David And Farouk Resume Their Chase In A Fractured ‘Legion’


A review of tonight’s Legion coming up just as soon as I love a boy in the Army who keeps jumping out of planes to get away from me…

“Chapter 16” is a weird episode even by Legion standards. Or maybe it’s jut weird in a different way from how Legion is usually weird. No matter how bizarre, or how good, an episode is, it tends to feel all of a piece, where “Chapter 16” feels more like a bunch of ideas Noah Hawley and company had that wound up in the same hour because there was no other good place to put them. Parts of it, in fact, are as grounded and human as the show is capable of being. They just happen to be tossed into the blender with other parts that are as inscrutable and/or self-indulgent as the show is capable of being. Certain scenes surprised me with how relatively normal and clear they were, while others left me baffled as to what was happening, and I’m usually pretty good at following this show down its more baroque paths. At times it felt like I was trapped inside that computer with Ptonomy, struggling to understand how things work, while at others I was, at minimum, able to walk around in the real world, even if I had to hack into one of the Vermillion to do so.

The hour’s by far its most clear-headed in the scenes about David and Syd’s relationship. It’s an odd thing, their romance, in that so much of David’s behavior comes out of his love for Syd, yet the show tends to treat their love as a basic fact, rather than something that has to be established or explained or nurtured. Here, in an excellent duet between Rachel Keller and Hamish Linklater(*), Syd admits that she fell for David for reasons specific to their circumstances in Clockworks, and that she’s not sure how she really feels about him, or how much any of them should trust someone so powerful, so erratic, and so much more dishonest than he claims to be. Clark in turn gently points out the terrifying reality of this affair: David could destroy the world if he wanted to — “Or if you hurt his feelings real bad.” (Given all the stories about the Santa Fe shooter and other mass murderers being toxic men who couldn’t take no for an answer, this is sadly timely, if very far removed from our own reality.) When Syd shows up in the desert to join David on the chase for Farouk’s body, there’s genuine tension between them, and for the first time in a long time, they feel like a real couple with recognizable human behavior, even in the midst of the usual trippiness, like the two of them being caught up in a potentially fatal time loop when they go inside the tent.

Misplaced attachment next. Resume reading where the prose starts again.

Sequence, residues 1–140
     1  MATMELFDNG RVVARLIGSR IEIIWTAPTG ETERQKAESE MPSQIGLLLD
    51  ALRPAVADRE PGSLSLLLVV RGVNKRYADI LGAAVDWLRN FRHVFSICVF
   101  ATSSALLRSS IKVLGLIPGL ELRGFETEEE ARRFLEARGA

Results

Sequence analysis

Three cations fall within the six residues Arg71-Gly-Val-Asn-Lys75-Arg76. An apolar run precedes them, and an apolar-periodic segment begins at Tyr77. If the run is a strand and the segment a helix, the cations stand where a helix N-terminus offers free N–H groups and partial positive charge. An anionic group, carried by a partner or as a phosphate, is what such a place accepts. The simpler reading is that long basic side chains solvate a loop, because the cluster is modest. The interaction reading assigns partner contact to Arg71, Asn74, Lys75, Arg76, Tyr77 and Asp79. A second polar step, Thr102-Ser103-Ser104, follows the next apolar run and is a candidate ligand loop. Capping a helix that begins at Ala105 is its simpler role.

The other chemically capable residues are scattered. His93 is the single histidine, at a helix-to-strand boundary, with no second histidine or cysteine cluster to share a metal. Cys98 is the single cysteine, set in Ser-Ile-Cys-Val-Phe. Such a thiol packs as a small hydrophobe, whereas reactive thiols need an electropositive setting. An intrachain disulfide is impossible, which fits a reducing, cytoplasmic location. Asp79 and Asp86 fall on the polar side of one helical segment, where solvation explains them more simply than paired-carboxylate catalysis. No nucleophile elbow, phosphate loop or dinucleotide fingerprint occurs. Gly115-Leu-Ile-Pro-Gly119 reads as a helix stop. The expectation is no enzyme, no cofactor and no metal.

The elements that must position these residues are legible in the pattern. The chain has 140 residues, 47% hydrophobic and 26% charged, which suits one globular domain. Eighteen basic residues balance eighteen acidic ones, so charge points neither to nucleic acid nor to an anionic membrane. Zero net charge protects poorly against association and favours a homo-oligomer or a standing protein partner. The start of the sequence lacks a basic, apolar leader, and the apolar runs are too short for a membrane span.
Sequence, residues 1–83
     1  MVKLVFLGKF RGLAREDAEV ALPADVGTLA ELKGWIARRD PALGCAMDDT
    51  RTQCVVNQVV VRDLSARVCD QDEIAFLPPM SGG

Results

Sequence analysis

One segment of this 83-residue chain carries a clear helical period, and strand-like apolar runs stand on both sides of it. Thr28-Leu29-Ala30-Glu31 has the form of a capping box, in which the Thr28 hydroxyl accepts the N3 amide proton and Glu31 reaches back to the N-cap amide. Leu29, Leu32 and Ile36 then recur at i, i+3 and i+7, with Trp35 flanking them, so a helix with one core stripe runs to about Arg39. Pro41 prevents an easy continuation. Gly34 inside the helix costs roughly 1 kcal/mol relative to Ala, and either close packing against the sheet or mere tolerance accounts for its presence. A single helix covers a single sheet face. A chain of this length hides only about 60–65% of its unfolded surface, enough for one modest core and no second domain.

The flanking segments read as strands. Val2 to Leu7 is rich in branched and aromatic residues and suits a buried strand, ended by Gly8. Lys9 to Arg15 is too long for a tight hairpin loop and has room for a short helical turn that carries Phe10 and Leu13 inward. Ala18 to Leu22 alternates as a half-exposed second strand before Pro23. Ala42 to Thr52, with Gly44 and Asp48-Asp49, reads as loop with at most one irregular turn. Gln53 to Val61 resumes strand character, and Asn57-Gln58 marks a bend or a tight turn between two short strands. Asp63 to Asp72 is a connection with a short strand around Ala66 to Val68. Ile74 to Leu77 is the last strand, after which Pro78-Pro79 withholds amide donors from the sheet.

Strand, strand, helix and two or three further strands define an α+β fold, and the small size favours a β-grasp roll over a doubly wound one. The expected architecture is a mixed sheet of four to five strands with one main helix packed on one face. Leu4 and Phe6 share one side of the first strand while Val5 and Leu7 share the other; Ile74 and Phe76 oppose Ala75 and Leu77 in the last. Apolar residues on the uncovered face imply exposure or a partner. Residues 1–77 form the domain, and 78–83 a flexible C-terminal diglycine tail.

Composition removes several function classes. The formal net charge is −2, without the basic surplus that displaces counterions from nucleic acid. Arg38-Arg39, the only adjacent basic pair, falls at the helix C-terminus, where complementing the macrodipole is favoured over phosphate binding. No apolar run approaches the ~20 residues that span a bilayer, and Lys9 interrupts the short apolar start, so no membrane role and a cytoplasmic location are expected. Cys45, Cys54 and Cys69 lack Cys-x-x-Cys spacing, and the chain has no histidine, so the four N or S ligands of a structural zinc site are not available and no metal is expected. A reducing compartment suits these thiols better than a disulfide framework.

(*) Hey, remember Clark? There’s a lot of that this week with the supporting cast, who have fallen in and out of the narrative in noticeable fashion. See also Melanie, who’s been in much of the season but in fairly minor ways, suddenly becoming important again once Oliver starts mind controlling her, while other supporting character subplots — like the ongoing complication of Cary and Kerry’s role swap — have been dropped for the moment.

We’ve also returned to the chase structure established at the start of the season, then abandoned thanks to Future Syd and various narrative detours, as David and Farouk are both close to getting to the body(*). It’s a simple enough idea to follow no matter how surreal things get, but some of this week’s flourishes felt either unnecessary (watching time move in reverse for Melanie so we’ll understand why she attacked Clark), not fleshed-out enough (the glimpses of what would happen depending on whom David recruited to help him on the mission) or just plain baffling for the moment (ending the episode on the Minotaur hanging upside-down). And Ptonomy’s adventures inside the computer provide plenty of opportunity for the production team to strut its stuff, even as it feels like we’re traveling the long way around towards introducing this new subplot about a young man being transformed into a secret keeper by the government.

(*) Note the reference to “the Professor” when Farouk tracks down the old woman. I don’t know if the series can ever come right out and mention Charles Xavier by name (much less have James McAvoy or Patrick Stewart or someone else play him), but it sure seems like he is meant to be Farouk’s ultimate nemesis and David’s father.

The episode’s most effective sequence outside the Syd/Clark scene brings back our pal Jon Hamm, who’s still around for psychology lectures even though David has defeated insanity for the moment. (Or has he? The voices inside his head have only grown louder as the season has moved along.) In another effective and chilling sketch, Hamm lays out how our devices have essentially given all of us a form of narcissistic personality disorder, where the world around us begins to feel less real as we filter it through our phones, leading us all to treat real people as if they’re somehow less than real.

What does that lesson have to do with the Secret Keeper, Farouk’s body, Lenny’s side mission, David and Syd’s relationship, the Minotaur, or any of the rest of it? I don’t know. Maybe in a few weeks, everything will neatly fit together. Or maybe this episode was like those figures in the Hamm lecture with speech balloons for heads, too busy looking down at their latest fun distraction to see what’s going on around them.

What did everybody else think?

Alan Sepinwall may be reached at sepinwall@uproxx.com. He discusses television weekly on the TV Avalanche podcast. His new book, Breaking Bad 101, is on sale now.